WiFi In Warehouses: What You Should Know

It’s common knowledge that warehouses are difficult when it comes to arranging a wireless solution. With many warehouses measuring thousands of square feet, getting reliable warehouse WiFi can be a problem. Space isn’t the only obstacle, however. Everything from racks to stock, equipment and the devices accessing the WiFi can create connectivity problems. To help you make sense of WiFi in warehouses, we’ve put together some considerations you should think about before deciding on a path to take.

Your devices

Getting the WiFi signal out to devices doesn’t usually create a large problem. Getting low-powered devices such as smartphones and tablets to get the signal back to the access point, however, can pose difficulties. With lower-powered devices which require access to your WiFi, it’s important to create a wireless network plan. That way you’ll be able to survey the site properly and set up the right amount of access points in the required locations.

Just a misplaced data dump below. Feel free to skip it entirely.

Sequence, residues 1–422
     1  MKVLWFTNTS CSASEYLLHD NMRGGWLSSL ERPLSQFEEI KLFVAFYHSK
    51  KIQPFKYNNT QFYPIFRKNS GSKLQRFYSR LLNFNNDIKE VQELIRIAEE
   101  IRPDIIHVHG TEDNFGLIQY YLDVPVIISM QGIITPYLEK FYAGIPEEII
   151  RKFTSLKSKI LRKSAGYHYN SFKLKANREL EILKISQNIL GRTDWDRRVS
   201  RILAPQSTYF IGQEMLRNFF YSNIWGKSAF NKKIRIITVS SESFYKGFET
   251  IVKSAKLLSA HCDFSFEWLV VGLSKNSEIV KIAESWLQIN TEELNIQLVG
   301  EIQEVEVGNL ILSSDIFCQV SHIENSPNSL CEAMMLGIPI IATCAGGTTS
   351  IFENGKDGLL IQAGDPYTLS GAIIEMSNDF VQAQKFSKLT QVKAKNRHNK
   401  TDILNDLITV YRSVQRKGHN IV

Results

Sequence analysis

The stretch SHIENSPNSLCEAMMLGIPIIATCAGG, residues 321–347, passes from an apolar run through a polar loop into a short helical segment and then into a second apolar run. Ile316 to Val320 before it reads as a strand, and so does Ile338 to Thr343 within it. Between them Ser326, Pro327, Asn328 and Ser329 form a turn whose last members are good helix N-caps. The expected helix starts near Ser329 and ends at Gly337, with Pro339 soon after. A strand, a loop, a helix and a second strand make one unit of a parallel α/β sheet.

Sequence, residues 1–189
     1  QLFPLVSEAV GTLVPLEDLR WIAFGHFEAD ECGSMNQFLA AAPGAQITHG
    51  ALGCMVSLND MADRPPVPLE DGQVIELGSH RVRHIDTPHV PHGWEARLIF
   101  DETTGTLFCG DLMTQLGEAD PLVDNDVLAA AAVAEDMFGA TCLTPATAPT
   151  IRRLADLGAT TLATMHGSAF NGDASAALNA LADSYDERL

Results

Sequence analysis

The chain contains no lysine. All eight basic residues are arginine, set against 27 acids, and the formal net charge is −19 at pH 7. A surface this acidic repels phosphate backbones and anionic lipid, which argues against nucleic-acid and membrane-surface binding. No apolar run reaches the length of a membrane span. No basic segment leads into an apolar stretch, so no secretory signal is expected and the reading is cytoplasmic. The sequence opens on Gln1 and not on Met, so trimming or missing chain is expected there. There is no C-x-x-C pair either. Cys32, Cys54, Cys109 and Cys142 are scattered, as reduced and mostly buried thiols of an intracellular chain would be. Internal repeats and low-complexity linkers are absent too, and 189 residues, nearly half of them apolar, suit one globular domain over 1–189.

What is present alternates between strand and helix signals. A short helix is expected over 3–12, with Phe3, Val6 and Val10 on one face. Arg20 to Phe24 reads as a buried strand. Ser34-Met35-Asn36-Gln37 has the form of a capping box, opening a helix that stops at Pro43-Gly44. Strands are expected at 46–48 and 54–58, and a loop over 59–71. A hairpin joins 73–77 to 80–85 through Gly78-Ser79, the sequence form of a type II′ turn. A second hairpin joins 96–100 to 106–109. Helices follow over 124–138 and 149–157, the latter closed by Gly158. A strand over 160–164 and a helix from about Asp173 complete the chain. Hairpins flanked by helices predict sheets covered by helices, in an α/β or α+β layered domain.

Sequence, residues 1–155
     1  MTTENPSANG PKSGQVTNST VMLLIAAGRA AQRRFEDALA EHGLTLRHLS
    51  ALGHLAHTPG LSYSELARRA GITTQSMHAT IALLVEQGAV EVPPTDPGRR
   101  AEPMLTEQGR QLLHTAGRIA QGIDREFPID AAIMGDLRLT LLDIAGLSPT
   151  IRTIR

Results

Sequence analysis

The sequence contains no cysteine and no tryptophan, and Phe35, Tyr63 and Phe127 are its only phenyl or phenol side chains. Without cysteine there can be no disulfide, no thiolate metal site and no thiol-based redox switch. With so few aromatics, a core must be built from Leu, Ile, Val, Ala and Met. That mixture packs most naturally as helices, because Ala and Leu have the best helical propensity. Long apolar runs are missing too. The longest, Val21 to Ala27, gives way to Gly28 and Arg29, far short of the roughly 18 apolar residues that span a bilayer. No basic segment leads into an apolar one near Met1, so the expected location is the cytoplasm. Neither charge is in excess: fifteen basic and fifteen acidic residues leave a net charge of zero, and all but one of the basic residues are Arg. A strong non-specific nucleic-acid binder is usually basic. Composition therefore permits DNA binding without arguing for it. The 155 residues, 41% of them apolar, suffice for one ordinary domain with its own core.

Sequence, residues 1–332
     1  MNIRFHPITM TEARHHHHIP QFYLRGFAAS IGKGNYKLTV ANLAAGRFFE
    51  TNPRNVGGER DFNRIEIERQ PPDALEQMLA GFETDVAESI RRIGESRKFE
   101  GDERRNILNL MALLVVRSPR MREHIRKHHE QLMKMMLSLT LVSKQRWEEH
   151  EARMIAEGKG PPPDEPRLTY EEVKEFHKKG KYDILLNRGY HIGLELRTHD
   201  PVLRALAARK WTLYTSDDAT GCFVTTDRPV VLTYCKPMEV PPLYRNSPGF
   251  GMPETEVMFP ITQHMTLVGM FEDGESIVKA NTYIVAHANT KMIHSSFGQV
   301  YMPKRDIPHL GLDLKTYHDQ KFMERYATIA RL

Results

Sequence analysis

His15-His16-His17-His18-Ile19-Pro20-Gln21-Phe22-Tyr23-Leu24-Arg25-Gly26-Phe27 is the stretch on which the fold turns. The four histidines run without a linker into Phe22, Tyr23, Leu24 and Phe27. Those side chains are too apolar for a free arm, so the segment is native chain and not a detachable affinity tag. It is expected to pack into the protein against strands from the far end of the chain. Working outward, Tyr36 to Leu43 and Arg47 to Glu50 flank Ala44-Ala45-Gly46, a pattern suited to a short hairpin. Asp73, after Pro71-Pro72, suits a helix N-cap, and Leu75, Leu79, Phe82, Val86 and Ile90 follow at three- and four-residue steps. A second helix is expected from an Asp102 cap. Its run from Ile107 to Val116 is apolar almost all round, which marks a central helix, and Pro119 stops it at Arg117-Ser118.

The number of users

Warehouses are busy places, and as a result, the number of users attempting to access the WiFi in warehouses is continually fluctuating. On one day, you may have just a few forklift drivers, the next day there may be investors visiting, meaning the demand for bandwidth dramatically increases. Aside from the number of users, the type of applications they’re accessing will also need to be planned for. With that in mind, you should think about different capacities depending on the applications users access whilst connected to your network.

Change with the environment

Quite often warehouse wireless networks will start by setting the power to the maximum in an attempt to ensure their workers receive a higher powered signal. Unfortunately, this doesn’t work as it doesn’t address the issue of the lower-powered devices getting a signal back to the various access points. Aside from that, maximum power tends to create more interference than improvements. What you need instead is a WiFi solution that’s able to adapt as the environment changes as well as having the correct amount of access points for your location.

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